Live Chat as a Support Medium

Chat-Icon-16-OnlineLive chat is a really interesting support medium that continues to get more and more popular. It’s starting to get right up there with phone and email for a lot of companies.

A lot of customers like live chat (I’m not really one of them) because it’s convenient, relatively real-time, and free. It doesn’t take up cellphone minutes, there usually isn’t much hold time, and you can more easily click on links, copy and paste answers, etc. Companies like live chat because it’s convenient, relatively real-time, and relatively cheap. When it comes to providing links, downloads, etc., it works much better than the phone and is still faster than email.

Live chat works well for a lot of companies. International customers really like it because it is much cheaper and easier than calling a US company. Companies like how good live chat representatives can do a couple of chats at once (there are varying schools of thought about how many is too many) and they like how they don’t have to pay for the international users to call them or for the telephone minutes. The best phone representatives can only do one phone call at a time, but a good live chat representative can probably handle two or three live chats without much of a problem.

Just like with phone support, the decision to offer live chat support should stem from customer needs and desires. If you have a lot of international customers who are unwilling to spend the money necessary to call you, live chat is a must have. If your customers are mostly in the United States and live chat is simply “nice to have,” then you might want to think about it some more. If your industry is really competitive and no one else is offering live chat, you should offer it to try and differentiate yourself from the competition.

And also just like phone support (and all other support mediums), don’t try to offer live chat until you’re ready to do so. If you don’t have the manpower, technical expertise, or time to implement a great live chat solution and process, you’re wasting your time, money, and customer goodwill. Customers can live with hiccups, but they don’t want the support experience to be a process of pure havoc and mayhem.

3 Responses to “Live Chat as a Support Medium”

  1. Larry Streeter said:

    Aug 07, 08 at 8:05 am

    Of the three support channels we provide (phone, live chat, and email), live chat is the fastest growing! Even without actively promoting the channel as a quick way to connect with a live support associate, word of mouth within our customer base has generated slow, continuous growth for this channel.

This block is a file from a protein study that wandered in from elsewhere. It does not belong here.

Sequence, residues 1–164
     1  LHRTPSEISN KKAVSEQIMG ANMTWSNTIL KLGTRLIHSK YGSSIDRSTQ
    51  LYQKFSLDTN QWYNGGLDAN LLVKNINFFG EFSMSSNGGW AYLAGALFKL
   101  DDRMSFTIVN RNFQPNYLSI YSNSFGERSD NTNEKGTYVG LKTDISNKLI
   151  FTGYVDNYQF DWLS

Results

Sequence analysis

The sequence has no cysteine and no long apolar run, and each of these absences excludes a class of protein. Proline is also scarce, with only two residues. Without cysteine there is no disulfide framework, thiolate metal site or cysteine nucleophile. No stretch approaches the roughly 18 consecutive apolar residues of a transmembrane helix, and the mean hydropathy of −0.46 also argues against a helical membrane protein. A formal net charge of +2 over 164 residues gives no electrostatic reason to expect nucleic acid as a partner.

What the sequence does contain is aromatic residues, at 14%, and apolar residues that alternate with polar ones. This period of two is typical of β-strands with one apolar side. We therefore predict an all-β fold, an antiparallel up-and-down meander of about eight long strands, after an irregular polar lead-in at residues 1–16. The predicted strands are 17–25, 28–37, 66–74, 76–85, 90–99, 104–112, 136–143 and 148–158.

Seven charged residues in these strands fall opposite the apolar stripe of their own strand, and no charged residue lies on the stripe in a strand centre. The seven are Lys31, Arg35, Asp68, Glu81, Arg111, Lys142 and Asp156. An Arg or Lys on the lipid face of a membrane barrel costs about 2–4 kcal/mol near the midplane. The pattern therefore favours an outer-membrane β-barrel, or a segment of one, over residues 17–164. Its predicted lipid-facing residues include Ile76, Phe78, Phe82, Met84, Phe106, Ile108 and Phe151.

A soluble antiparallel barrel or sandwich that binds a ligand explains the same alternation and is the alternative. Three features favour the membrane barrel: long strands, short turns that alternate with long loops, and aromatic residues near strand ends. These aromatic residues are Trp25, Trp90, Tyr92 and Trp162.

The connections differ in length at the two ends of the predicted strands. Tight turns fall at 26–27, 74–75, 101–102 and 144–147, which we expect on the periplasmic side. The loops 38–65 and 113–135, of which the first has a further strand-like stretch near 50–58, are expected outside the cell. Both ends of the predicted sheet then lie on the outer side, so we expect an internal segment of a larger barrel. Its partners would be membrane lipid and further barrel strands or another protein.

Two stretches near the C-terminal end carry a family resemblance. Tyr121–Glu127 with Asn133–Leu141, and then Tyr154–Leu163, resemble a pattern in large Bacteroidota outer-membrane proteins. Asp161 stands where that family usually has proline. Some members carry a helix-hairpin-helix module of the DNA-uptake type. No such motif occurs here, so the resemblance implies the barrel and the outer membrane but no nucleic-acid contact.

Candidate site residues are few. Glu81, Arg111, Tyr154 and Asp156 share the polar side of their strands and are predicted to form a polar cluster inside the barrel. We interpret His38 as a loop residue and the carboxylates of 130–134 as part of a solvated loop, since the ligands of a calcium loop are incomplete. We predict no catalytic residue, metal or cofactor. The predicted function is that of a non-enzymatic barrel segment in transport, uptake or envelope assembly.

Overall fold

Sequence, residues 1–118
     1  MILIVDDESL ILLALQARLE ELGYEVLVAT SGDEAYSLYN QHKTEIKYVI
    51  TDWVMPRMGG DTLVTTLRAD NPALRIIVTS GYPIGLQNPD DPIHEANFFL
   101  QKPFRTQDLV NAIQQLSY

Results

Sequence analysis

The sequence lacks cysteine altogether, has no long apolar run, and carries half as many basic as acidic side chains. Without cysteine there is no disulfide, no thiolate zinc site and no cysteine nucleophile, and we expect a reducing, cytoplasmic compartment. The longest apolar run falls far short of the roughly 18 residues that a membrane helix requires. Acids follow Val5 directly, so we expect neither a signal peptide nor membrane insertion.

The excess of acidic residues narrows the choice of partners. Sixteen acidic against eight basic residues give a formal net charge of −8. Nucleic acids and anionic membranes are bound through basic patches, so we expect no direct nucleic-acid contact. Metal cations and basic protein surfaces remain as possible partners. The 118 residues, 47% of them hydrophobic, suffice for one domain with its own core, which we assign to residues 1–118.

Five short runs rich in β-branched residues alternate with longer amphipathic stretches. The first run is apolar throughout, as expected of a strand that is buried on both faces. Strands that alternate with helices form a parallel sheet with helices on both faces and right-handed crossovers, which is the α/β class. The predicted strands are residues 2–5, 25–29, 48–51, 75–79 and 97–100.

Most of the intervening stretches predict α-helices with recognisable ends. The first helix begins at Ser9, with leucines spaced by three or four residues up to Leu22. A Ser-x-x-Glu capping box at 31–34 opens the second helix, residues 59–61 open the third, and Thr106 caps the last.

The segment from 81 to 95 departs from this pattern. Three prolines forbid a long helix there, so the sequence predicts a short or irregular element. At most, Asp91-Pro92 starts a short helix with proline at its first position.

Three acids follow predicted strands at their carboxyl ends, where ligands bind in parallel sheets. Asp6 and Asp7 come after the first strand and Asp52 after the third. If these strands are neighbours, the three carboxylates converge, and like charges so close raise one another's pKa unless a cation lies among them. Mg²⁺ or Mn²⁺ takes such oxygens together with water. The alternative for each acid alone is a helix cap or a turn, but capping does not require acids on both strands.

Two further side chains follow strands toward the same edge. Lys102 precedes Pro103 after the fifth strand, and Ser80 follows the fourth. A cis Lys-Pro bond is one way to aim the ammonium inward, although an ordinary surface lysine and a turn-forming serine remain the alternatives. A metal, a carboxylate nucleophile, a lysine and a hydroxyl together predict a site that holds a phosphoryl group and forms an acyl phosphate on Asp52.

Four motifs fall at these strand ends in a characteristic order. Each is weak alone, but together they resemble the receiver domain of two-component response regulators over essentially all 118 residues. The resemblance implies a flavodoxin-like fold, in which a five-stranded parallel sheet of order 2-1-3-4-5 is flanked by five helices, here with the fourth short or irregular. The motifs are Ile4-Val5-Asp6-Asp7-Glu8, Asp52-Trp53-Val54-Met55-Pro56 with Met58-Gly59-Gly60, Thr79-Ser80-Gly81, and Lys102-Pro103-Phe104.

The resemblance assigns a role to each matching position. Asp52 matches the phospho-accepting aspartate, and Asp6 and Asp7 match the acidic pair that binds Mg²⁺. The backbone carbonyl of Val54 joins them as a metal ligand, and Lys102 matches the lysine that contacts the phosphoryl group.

Before moving an associate to live chat, we test them not only on their product knowledge, but also the ability to handle multiple customer interactions simultaneously. Our minimum requirement is that they can juggle a minimum of three simultaneous chats and we often find our more experienced reps handling as many as 5 customer interactions at a time!

    What’s most important to us though is the quality of these interactions as measured by our customer sataisfaction surveys. Live chat scores high for us with customers ranking their level of satisfaction higher than email and on par with telephone support.

    High satisfactions scores and productivity? That’s a definite win-win for us!

  2. Jean MacDonald said:

    Aug 11, 08 at 3:33 pm

    I recently had a very frustrating round of live chat with a large software company for a technical support question. The live chat broke down after 15-20 minutes, and I ended up having to go through all the same steps with a new representative. As we got to the point I had reached before, that chat closed unexpectedly as well. Your caveat that it’s not a good idea to deploy live chat until your system can handle it is an important one. I’d also suggest that the system have some kind of process to reconnect in case of connection failure.

  3. Service Untitled said:

    Aug 11, 08 at 5:58 pm

    @ Larry: Thanks for posting! It does sound like a win-win. A lot of customers do like like chat, but there are ones that don’t, especially when it isn’t a well run live chat department.

    @ Jean: Thanks for your comment as well. That does sound like a mess. I’ve never worked with an extremely large company that made use of live chat – usually medium sized companies where if necessary, someone could ask for the same agent. It’s incredibly frustrating to get disconnected, though – that’s for sure.